Calling Marcus King an amalgam of all that’s great about Derek Trucks and Warren Haynes—not just their guitars, but overall artistry—is knee-jerk. Oodles of individuality colors the music on The Marcus King Band, but inspiration from the two Allman Brothers guitarists is palpable at several turns. Karma then, besides King’s ridiculous talent, must have steered Haynes to King. They played together often over the last year, obviously giving Haynes the needed perspective to produce this album so perfectly.
Punchy and fully enveloping, every one of the songs beautifully radiates talent and diversity. Old school soul, southern rock, jazz-fusion, and Americana entwine imaginatively, and very, very likably. Just their second album, this huge leap should be a world-wide breakthrough. First and foremost, there are the songs. King wrote every one, and the range of emotion on display staggers the senses. Plus, somehow in the two years since their debut, King became Jackie Wilson reincarnated. The sandpaper soul in his pipes astonishes. But as great as he sings, King will forever and rightfully be revered for his guitar playing. Each song contains a run—or runs—of a wizard’s electrifying tone. And not coincidentally, he stands tall here trading barbs with Trucks in the funhouse-distorted, weirdly-professed, and completely riveting “Self-Hatred.” “Ain’t Nothin’ Wrong With That” kicks the album off on a driving beat and happy horn charts that call to mind classic Chicago Transit Authority. Yes! “Devil’s Land” then brutalizes by comparison, King’s guitar work towards the outset pulling the tough melody to its near-breaking point. “Jealous Man” hones sophisticated rock and R&B in a way Tedeschi Trucks Band might, and “The Man You Didn’t Know” rambles and snakes like the Derek Trucks Band used to. With “Rita is Gone,” though, King takes a thought about a tragic character in the Dexter TV series, and turns it into sublime, pleading soul. And that right there is the extra kind of thing that sets him—and the band—apart. The adventurousness on this album is as long as the flair. King’s only 20. Watch them rise.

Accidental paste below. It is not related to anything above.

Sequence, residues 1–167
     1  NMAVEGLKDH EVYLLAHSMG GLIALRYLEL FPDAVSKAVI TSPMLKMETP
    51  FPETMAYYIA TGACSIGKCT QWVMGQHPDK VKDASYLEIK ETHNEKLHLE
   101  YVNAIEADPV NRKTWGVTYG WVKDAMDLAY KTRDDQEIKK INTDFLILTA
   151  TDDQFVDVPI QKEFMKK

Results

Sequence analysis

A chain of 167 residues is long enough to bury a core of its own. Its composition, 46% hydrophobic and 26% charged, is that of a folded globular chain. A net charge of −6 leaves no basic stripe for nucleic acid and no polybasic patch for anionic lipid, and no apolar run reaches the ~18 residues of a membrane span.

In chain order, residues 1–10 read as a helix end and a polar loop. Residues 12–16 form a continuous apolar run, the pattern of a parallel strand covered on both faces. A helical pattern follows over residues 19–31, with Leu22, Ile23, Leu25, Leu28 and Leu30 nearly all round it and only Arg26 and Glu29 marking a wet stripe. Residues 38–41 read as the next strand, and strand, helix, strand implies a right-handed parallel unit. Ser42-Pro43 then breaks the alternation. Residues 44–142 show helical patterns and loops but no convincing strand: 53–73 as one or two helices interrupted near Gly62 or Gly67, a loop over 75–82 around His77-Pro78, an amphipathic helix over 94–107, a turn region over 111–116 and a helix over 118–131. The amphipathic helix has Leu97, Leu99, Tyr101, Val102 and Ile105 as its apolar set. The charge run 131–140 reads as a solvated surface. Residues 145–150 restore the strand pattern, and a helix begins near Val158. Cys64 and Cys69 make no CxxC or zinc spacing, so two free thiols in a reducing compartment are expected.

—Tom Clarke, Elmore Magazine